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Spaghetti Junction repair schedule doubles

A VITAL elevated section of Birminghams M6 Spaghetti Junction will stay shut for at least another nine months, it emerged this week nearly doubling the originally estimated closure.

The Highways Agency risked traffic chaos when it closed the 20,000 vehicle/day sliproad for 10 months last March, to allow inspection of the structure and for repairs to be carried out.

Design complexities of the one-off structure, plus problems finding a repair solution which avoids further weakening, have been given as the reason why work, due to finish last month, has so far failed even to start.

Tenders for the proposed 0.5M strengthening of deck crossbeams with stressed reinforcing bars will now be sought within a fortnight. And it is hoped repairs will be sufficiently advanced by autumn to reinstate full traffic flow.

Problems have been caused by weakening of a 70m long V-shaped section of sliproad. This normally carries two converging lanes of traffic on to the M6 northbound. One lane contains local suburban traffic but the other is the main feeder route from Birmingham city centre.

Last March the structure failed the HAs standard stage two bridge assessment check for 40t vehicle loads. Local traffic was immediately removed, and flow from the city centre routed across the strongest sections of the viaduct.

The structures three span deck, carried on concrete column supports, consists of three distinct sections. The 20m long central span, which crosses a local electrified rail line, is formed with precast concrete beams, while trapezoidal shaped side spans either end have insitu concrete slab decks.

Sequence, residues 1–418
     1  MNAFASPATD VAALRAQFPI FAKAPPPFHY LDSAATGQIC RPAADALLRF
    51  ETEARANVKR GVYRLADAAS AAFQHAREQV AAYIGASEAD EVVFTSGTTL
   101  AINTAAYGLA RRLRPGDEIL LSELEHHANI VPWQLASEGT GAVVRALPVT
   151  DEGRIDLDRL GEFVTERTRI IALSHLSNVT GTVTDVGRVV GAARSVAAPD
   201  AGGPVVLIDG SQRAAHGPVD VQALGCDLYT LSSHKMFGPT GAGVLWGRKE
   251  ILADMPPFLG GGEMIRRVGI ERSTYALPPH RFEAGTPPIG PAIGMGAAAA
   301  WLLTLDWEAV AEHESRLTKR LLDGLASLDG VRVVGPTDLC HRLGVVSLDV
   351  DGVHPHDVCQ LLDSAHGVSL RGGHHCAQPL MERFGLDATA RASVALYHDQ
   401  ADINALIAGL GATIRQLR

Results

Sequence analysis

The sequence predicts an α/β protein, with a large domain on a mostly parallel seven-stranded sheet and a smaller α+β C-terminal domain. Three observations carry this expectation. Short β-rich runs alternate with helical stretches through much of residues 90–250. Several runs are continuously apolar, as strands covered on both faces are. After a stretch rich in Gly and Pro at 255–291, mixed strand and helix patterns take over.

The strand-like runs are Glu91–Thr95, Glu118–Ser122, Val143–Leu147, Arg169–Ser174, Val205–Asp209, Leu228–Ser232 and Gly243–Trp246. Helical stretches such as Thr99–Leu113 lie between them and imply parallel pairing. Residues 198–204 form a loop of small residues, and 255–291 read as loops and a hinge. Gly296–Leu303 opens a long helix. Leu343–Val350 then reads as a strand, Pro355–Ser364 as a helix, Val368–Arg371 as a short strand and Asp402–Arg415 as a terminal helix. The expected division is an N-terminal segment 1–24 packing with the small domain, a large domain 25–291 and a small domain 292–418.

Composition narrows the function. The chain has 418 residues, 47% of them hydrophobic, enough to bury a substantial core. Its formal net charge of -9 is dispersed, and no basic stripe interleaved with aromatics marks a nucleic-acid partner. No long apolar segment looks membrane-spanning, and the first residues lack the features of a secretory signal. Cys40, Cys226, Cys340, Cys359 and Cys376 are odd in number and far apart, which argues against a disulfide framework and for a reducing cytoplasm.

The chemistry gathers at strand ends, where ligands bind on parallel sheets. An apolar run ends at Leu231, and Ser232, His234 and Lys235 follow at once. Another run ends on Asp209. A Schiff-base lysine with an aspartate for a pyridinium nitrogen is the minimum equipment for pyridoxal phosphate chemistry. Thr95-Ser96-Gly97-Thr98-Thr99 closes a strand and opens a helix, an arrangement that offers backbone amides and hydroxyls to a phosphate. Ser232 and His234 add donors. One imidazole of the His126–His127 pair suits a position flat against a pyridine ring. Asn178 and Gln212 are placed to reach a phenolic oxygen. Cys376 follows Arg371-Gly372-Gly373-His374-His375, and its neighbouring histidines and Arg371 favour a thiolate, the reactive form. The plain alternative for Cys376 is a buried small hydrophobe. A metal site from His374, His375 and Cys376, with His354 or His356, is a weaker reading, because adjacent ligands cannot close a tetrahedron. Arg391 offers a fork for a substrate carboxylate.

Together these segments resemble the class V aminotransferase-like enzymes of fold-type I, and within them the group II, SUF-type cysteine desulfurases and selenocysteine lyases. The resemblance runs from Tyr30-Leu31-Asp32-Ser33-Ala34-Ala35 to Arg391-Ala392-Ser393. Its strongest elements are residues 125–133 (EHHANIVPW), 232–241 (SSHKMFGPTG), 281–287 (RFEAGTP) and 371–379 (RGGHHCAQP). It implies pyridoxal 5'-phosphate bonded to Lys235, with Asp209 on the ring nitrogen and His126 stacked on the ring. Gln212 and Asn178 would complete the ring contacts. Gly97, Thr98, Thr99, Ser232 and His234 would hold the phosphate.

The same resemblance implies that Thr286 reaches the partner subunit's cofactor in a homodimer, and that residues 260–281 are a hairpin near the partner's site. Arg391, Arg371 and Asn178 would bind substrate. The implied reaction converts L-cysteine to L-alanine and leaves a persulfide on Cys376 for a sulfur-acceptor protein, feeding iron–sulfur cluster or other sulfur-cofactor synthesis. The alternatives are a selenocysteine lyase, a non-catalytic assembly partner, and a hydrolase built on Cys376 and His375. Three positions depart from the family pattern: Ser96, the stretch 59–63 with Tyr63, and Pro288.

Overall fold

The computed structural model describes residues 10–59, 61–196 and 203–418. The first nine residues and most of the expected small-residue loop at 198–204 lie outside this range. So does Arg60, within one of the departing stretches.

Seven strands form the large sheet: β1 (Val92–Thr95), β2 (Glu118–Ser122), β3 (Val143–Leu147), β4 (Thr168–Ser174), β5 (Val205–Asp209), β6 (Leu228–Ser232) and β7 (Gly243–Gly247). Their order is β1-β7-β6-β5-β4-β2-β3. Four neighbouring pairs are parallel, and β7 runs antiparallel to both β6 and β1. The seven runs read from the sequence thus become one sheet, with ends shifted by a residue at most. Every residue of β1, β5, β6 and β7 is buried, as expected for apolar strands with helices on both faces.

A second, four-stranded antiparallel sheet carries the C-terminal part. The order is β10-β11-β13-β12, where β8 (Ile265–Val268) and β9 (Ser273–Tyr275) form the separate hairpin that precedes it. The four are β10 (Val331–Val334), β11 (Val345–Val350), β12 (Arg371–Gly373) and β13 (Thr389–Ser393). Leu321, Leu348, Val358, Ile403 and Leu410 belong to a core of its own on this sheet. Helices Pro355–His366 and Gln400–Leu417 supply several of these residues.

The problem lies with the two large crossbeams either end of the central drop-in span. These 2m deep beams incorporate a shelf to carry the central precast deck, but were also built as insitu downstand beams integral with adjacent side span decks.

The Agencys project manager David Cropper said: We have no design drawings and it has proved far more difficult to analyse than anyone envisaged.

It took us some time to understand the live load flow paths through this section, he added. Sophisticated three-dimensional finite element analysis suggested the structure could barely support its own weight. But in reality this was clearly wrong as the deck has carried full, and occasionally abnormal, loads for years without showing any signs of distress.

Engineers now think the beams contain inadequate reinforcement for the several load paths that must be allowed for. Repair solutions are equally complex. The Agency and its structures consultant Maunsell is still finalising a safe installation sequence for the two rows of 2.5m strengthening bars. They will be drilled through downstand beams close to existing reinforcement and then lightly stressed.

We must not interrupt traffic flow overhead so have to carefully co- ordinate vehicle routing and reinforcement installation, said Cropper. If we introduce additional forces into the structure there is a danger of further weakening it. Downstand beams were taking some tensional forces without distress, but they could not risk adding to them.

David Hayward

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